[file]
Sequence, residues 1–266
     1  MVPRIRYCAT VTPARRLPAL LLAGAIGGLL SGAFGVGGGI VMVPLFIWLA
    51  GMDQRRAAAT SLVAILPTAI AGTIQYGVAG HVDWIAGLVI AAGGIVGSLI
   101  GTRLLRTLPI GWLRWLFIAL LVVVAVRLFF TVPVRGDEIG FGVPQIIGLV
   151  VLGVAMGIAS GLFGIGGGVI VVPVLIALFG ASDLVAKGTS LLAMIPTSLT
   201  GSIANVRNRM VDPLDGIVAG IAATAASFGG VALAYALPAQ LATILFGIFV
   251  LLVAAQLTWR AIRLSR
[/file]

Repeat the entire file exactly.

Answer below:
Sequence, residues 1–266
     1  MVPRIRYCAT VTPARRLPAL LLAGAIGGLL SGAFGVGGGI VMVPLFIWLA
    51  GMDQRRAAAT SLVAILPTAI AGTIQYGVAG HVDWIAGLVI AAGGIVGSLI
   101  GTRLLRTLPI GWLRWLFIAL LVVVAVRLFF TVPVRGDEIG FGVPQIIGLV
   151  VLGVAMGIAS GLFGIGGGVI VVPVLIALFG ASDLVAKGTS LLAMIPTSLT
   201  GSIANVRNRM VDPLDGIVAG IAATAASFGG VALAYALPAQ LATILFGIFV
   251  LLVAAQLTWR AIRLSR